For eFinancialCareers head of Asia-Pacific George McFerran there is a clear demand for professionals with risk and project management experience, as well as for people with information technology and systems skills to assist in the areas of compliance.
Despite FOFA being just on the horizon, McFerran said financial services groups across the industry are still in the process of building their support functions.
“It doesn’t necessarily mean organisations are wanting to hire lots of people in those particular areas but there is still demand,” he said.
According to McDonald, there is definitely a separate niche away from financial planning for candidates with skills on the credit analysis side within mortgages.
“This means people who have delegated lending authorities, who can actually make the decision on loan approvals,” she said.
Training and support
According to McDonald, there is a shortage of solid graduates coming through to take on scaled advice within financial services.
She said this is particularly true for candidates who have some finance experience through their RG146 and university studies.
For McFerran, one of the greatest challenges the industry faces is around education, with financial services continuing to suffer from a lack of quality candidates.
With the build-out of scaled advice capabilities continuing into 2013, McDonald said it presents a real opportunity to entice graduates to kick-start their career in the industry.
“From speaking to clients that are focusing on the scaled advice space, the roles are either permanent or fixed-term contracts,” she said.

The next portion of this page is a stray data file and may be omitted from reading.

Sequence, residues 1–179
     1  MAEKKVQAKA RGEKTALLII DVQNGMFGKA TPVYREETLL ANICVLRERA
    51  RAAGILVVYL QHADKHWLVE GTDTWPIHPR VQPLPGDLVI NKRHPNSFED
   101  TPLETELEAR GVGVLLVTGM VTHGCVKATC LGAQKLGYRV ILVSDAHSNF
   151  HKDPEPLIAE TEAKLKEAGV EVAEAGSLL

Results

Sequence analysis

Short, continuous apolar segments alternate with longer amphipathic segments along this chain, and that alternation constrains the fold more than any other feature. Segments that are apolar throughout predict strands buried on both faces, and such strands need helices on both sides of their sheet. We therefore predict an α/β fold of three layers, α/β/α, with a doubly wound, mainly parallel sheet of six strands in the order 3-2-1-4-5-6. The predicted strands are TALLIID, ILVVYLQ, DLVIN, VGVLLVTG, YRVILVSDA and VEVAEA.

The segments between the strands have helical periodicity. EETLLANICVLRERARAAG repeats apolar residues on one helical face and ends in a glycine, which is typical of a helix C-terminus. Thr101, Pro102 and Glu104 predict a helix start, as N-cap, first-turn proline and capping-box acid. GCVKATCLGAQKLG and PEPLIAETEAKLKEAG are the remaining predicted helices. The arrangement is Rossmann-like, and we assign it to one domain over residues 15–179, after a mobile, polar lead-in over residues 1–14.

“With the fixed-term contracts their view is to make the roles more longer term - it’s seen very much as a career path.”
After gaining exposure for candidates to different products and getting their skills up in terms of sales, McDonald said the plan for most advisory groups is to move these candidates onto the financial planning path after 18 months.
“If you look at scalable advice it’s such a great training ground, so a lot of firms are happy to look at - not particularly candidates that have come through graduate programs - but essentially putting them through their own graduate financial planning program themselves,” she said.
“They go to a lot of trouble to bring these guys on board, they don’t want to lose the experience and they recognise that they need to support them by giving them development.”
Loader agrees, adding that the renewed trend is a central component to most financial services firms’ succession planning strategies, with the AMP Horizons Academy being a notable example.
McNeill said she hasn’t seen any significant changes to most businesses’ training programs because most are on the lookout for experienced professionals.
“They train a certain number of people but not nearly the numbers they need to keep the market going,” she said.
With most of the industry making improvements to their processes under the new regulatory regime, McDonald said a number of planners are taking it upon themselves to undertake Lean Six Sigma course work – a project-specific training qualification.